US7411785Jun 5, 2006Aug 12, 2008Cray Inc.Heat-spreading devices for cooling computer systems and associated methods of use
US7447022Aug 9, 2006Nov 4, 2008Hewlett-Packard Development Company, L.P.Rack-mount equipment bay cooling heat exchanger
US7477514May 4, 2007Jan 13, 2009International Business Machines CorporationMethod of facilitating cooling of electronics racks of a data center employing multiple cooling stations
US7596476May 2, 2005Sep 29, 2009American Power Conversion CorporationMethods and systems for managing facility power and cooling
US7660121Nov 20, 2008Feb 9, 2010International Business Machines CorporationSystem of facilitating cooling of electronics racks of a data center employing multiple cooling stations
US7857214Oct 16, 2007Dec 28, 2010Liebert CorporationIntelligent track system for mounting electronic equipment
US7881910Jan 27, 2006Feb 1, 2011American Power Conversion CorporationMethods and systems for managing facility power and cooling
US7885795Oct 3, 2006Feb 8, 2011American Power Conversion CorporationMethods and systems for managing facility power and cooling
US7991592Jan 24, 2008Aug 2, 2011American Power Conversion CorporationSystem and method for evaluating equipment rack cooling performance
US8051671 *Oct 3, 2005Nov 8, 2011Hewlett-Packard Development Company, L.P.System and method for cooling computers
US8170724 *Feb 11, 2008May 1, 2012Cray Inc.Systems and associated methods for controllably cooling computer components
US8180494 *Aug 27, 2008May 15, 2012International Business Machines CorporationSystem and method for dynamically managing blowers and vents
US8203837 *Mar 31, 2010Jun 19, 2012Hewlett-Packard Developmet Company, L.P.Cooling system
US8209056Nov 25, 2008Jun 26, 2012American Power Conversion CorporationSystem and method for assessing and managing data center airflow and energy usage
US8219362May 8, 2009Jul 10, 2012American Power Conversion CorporationSystem and method for arranging equipment in a data center
US8249825May 8, 2009Aug 21, 2012American Power Conversion CorporationSystem and method for predicting cooling performance of arrangements of equipment in a data center
US8256305Sep 21, 2010Sep 4, 2012American Power Conversion CorporationSystem and method for air containment zone pressure differential detection
US8315841 *Jan 31, 2011Nov 20, 2012American Power Conversion CorporationMethods and systems for managing facility power and cooling
US8355890May 8, 2009Jan 15, 2013American Power Conversion CorporationSystem and method for predicting maximum cooler and rack capacities in a data center
US8473265Oct 27, 2008Jun 25, 2013Schneider Electric It CorporationMethod for designing raised floor and dropped ceiling in computing facilities
US8509959Aug 12, 2010Aug 13, 2013Schneider Electric It CorporationSystem and method for predicting transient cooling performance for a data center
US8554515Aug 20, 2012Oct 8, 2013Schneider Electric It CorporationSystem and method for predicting cooling performance of arrangements of equipment in a data center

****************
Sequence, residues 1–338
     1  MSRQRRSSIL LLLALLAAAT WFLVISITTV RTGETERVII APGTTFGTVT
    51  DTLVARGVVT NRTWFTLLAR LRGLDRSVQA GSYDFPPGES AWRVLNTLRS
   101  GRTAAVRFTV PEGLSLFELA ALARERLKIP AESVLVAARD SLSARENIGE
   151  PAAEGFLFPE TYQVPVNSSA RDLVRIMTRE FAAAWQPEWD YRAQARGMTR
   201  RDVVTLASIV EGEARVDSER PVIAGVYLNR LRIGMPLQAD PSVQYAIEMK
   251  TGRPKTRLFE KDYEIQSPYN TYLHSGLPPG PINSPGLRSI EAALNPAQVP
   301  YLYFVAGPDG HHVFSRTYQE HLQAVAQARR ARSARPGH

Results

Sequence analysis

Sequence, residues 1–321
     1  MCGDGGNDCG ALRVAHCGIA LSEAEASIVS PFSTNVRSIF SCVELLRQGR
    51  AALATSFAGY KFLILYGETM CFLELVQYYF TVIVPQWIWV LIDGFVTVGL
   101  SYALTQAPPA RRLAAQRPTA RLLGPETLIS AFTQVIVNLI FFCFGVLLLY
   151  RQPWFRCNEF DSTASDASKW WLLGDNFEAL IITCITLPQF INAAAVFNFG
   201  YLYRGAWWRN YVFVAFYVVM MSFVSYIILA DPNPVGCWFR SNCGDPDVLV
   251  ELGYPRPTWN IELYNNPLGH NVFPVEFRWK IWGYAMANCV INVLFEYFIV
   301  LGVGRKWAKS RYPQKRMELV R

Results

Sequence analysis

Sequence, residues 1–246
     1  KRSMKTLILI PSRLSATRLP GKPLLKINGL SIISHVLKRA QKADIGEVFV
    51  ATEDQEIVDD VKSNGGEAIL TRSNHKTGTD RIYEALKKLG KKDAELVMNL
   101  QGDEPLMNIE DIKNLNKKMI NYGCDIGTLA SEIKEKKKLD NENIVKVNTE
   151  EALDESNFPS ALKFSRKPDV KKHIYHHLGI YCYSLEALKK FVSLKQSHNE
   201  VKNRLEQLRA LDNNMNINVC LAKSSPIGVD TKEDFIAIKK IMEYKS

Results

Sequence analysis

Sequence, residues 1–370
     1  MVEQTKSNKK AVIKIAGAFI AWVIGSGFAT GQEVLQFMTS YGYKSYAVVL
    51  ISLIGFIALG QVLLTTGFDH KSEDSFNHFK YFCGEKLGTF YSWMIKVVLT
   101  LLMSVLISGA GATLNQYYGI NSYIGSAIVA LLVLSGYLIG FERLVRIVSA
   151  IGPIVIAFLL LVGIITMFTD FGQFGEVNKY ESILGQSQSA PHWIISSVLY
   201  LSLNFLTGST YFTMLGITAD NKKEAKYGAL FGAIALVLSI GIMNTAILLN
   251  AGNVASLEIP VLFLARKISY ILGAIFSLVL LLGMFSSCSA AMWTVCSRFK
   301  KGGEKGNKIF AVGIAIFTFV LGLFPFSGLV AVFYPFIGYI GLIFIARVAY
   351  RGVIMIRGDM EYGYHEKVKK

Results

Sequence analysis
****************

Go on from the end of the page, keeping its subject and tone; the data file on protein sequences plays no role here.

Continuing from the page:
US8560677Sep 22, 2010Oct 15, 2013Schneider Electric It CorporationData center control
US8613229Aug 2, 2012Dec 24, 2013Schneider Electric It CorporationSystem and method for air containment zone pressure differential detection
US8620486Jul 15, 2010Dec 31, 2013Delta Electronics, Inc.Expandable data center
US8639482Feb 7, 2011Jan 28, 2014Schneider Electric It CorporationMethods and systems for managing facility power and cooling
US8677365Aug 27, 2008Mar 18, 2014Hewlett-Packard Development Company, L.P.Performing zone-based workload scheduling according to environmental conditions
US8712735Aug 1, 2011Apr 29, 2014Schneider Electric It CorporationSystem and method for evaluating equipment rack cooling performance
US8725307Jun 28, 2011May 13, 2014Schneider Electric It CorporationSystem and method for measurement aided prediction of temperature and airflow values in a data center
US8727227Jun 30, 2008May 20, 2014Hewlett-Packard Development Company, L.P.Optimizing fluid flow distribution in a structure
US8745998Aug 30, 2010Jun 10, 2014GM Global Technology Operations LLCMethods and systems for controlling vehicle defrost units
US8768519 *May 19, 2010Jul 1, 2014Fujitsu LimitedApparatus and method for controlling grille aperture ratios of a plurality of air transfer grilles
US20090156114 *Dec 18, 2007Jun 18, 2009International Business Machines CorporationApparatus and method for facilitating air cooling of an electronics rack
US20100298990 *May 19, 2010Nov 25, 2010Fujitsu LimitedApparatus and method for controlling an open amount of a plurality of air transfer grilles
US20110054701 *Aug 27, 2009Mar 3, 2011Blueair Controls, Inc.Energy saving method and system for climate control system
US20110138708 *Dec 10, 2010Jun 16, 2011Enia ArchitectesSuperimposed Computer Room Building and Process for Cooling this Building
US20110242755 *Mar 31, 2010Oct 6, 2011Roy ZeighamiCooling system
US20110307820 *Jan 31, 2011Dec 15, 2011American Power Conversion CorporationMethods and systems for managing facility power and cooling
US20120224976 *Jan 26, 2012Sep 6, 2012Fujitsu LimitedAir volume control device and air volume control method
WO2010024805A1 *Aug 27, 2008Mar 4, 2010Hewlett-Packard Development Company, L.P.Performing zone-based workload scheduling according to environmental conditions
Classifications
U.S. Classification236/49.3, 62/259.2, 165/80.3
International ClassificationH05K7/20, F24F7/00
Cooperative ClassificationF24F2221/40, H05K7/20836
European ClassificationH05K7/20S90
Legal Events
DateCodeEventDescription
Oct 24, 2013FPAYFee payment
Year of fee payment: 8
Nov 30, 2009FPAYFee payment
Year of fee payment: 4
Aug 11, 2009CCCertificate of correction
Aug 15, 2003ASAssignment
Owner name: HEWLETT-PACKARD DEVELOPMENT COMPANY, L.P., TEXAS
Free format text: ASSIGNMENT OF ASSIGNORS INTEREST;ASSIGNORS:BASH, CULLEN E.;SHARMA, RATNESH K.;PATEL, CHANDRAKANT D.;REEL/FRAME:013880/0105
Effective date: 20030528